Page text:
I just finished re-reading the Canadian classic(?) The Wealthy Barber: The Guide to Successful Financial Planning by David Chilton. The first time I read it (maybe ten years ago) I skimmed through as part of a plan to read a hundred such "improving" books in a year. This time many of the lessons therein make complete and total sense to me.
This book was written mainly for an audience of 24-year to 48-year old Canadians, and initially came out in 1989. I'm closely connected to a financial planner and he tells me that the information this book contains is still highly relevant.
This is an unpredictable time for investing in North America. But it is still a good time to invest in yourself and your business. Ownership still wins over Loanership.
"Pay yourself first" was popularized by the The Wealthy Barber. In very simple terms, arrange for 10% of your income to go into a separate account and from there into an investment. This is another example of the magic of compound interest. If you get this going when you are relatively young, you will have a good-sized fortune at retirement age. But don't NOT do it if you are a little more mature-- it's never too late to start. I am going to help out my kids and grandkids by investing my 10% in their RESP. There are many opportunities-- investing in a business is another great idea!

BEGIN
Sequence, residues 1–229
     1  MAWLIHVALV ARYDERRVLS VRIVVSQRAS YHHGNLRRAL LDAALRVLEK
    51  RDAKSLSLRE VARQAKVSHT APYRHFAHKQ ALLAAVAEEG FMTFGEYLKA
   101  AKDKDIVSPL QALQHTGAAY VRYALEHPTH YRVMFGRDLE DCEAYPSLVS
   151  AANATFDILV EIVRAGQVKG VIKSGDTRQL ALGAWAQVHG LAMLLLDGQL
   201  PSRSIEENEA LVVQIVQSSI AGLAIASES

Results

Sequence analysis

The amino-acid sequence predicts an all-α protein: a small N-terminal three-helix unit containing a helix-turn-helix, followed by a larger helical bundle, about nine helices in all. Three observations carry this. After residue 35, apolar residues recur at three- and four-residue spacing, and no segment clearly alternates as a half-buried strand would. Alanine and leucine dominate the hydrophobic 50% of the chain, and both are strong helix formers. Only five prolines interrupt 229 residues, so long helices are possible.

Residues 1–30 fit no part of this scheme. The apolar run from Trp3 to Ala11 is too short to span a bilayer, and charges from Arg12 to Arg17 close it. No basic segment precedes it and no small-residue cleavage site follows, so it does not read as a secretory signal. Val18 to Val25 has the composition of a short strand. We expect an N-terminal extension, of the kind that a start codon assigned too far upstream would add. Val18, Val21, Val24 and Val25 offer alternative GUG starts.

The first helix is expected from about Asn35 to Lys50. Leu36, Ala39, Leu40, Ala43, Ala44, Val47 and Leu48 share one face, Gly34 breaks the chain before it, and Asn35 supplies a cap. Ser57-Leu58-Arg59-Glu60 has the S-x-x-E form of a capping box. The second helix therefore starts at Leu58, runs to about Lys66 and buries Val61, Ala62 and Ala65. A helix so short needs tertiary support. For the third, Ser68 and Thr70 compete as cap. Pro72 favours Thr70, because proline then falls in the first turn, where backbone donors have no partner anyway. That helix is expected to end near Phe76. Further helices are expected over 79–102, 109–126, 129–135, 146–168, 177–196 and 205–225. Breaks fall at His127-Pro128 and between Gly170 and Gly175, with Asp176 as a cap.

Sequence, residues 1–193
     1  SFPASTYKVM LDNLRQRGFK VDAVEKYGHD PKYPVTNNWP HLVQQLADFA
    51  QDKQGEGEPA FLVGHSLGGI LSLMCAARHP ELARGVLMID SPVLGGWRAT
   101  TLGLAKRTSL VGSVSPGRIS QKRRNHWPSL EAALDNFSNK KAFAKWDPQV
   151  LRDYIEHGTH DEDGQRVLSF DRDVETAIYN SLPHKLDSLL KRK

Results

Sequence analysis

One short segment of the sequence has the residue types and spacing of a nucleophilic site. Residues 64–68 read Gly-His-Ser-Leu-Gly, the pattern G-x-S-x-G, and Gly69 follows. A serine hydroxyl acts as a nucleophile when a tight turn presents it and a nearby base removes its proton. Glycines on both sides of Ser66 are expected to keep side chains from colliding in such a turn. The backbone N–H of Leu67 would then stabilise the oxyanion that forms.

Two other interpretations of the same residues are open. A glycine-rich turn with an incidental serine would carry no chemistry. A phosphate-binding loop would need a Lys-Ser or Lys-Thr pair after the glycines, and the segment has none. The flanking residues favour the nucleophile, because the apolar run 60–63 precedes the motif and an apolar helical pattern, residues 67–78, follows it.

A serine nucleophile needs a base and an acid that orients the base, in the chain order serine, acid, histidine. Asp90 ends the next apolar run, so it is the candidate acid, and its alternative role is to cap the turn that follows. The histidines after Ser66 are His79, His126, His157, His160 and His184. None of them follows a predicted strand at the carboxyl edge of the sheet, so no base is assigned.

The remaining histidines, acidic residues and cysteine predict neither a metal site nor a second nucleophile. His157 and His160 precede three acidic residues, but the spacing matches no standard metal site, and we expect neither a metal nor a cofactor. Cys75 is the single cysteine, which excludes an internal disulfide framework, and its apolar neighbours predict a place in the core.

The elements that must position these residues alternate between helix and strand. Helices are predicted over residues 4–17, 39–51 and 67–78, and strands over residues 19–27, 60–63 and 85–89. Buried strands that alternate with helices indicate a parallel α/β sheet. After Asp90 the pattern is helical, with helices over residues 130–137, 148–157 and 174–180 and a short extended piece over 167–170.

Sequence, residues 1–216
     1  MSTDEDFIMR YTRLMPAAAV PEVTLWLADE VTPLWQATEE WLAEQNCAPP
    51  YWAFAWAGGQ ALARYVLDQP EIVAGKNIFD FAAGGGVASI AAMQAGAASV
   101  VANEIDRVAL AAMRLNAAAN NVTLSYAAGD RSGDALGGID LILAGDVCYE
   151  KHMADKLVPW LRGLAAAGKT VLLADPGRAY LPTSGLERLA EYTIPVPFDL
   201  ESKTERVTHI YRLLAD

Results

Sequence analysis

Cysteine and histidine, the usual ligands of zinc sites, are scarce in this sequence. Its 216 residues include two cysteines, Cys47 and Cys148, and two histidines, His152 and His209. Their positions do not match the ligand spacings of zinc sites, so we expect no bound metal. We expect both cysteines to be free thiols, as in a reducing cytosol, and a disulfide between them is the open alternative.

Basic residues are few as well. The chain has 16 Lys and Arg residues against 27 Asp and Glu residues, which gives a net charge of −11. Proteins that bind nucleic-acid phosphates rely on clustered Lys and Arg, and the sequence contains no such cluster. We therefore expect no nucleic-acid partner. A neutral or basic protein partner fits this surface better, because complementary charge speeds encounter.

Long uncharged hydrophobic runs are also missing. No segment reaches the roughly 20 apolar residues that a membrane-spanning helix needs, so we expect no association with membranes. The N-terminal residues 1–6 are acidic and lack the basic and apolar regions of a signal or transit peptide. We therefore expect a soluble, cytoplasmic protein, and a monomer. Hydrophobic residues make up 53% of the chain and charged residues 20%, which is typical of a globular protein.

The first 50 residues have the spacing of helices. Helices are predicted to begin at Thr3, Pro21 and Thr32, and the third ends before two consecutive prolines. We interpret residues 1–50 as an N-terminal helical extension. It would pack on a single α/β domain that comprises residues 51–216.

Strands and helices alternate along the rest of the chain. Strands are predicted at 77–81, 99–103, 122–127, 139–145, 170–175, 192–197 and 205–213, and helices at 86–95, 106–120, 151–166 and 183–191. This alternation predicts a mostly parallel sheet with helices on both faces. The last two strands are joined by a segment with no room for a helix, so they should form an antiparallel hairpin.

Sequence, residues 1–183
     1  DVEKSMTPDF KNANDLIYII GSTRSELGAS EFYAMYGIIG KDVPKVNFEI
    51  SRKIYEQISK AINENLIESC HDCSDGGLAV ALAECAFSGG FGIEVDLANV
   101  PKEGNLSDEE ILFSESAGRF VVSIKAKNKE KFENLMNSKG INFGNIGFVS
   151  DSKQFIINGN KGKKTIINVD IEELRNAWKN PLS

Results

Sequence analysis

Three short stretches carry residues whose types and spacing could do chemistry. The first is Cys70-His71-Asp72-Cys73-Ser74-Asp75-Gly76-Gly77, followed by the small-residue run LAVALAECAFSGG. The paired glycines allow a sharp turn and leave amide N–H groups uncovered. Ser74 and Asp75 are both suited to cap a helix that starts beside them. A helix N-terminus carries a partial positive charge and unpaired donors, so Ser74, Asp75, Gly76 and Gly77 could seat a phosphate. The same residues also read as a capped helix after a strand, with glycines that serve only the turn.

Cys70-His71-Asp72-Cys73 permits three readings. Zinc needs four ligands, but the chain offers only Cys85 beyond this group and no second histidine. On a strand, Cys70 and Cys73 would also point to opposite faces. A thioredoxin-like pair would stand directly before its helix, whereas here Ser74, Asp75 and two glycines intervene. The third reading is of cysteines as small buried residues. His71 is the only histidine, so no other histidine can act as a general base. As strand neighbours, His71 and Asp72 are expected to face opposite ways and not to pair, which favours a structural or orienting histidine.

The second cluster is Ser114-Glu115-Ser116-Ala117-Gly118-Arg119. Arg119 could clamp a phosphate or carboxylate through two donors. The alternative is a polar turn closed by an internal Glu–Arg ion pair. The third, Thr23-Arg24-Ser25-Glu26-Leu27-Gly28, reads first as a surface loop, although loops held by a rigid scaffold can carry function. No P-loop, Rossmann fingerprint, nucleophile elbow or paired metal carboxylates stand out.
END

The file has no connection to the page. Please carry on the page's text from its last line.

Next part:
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**Image is a painting of "Church Street Marketplace" in the charming city of Burlington, Vermont where we visited recently. Painter is Charles Dickinson.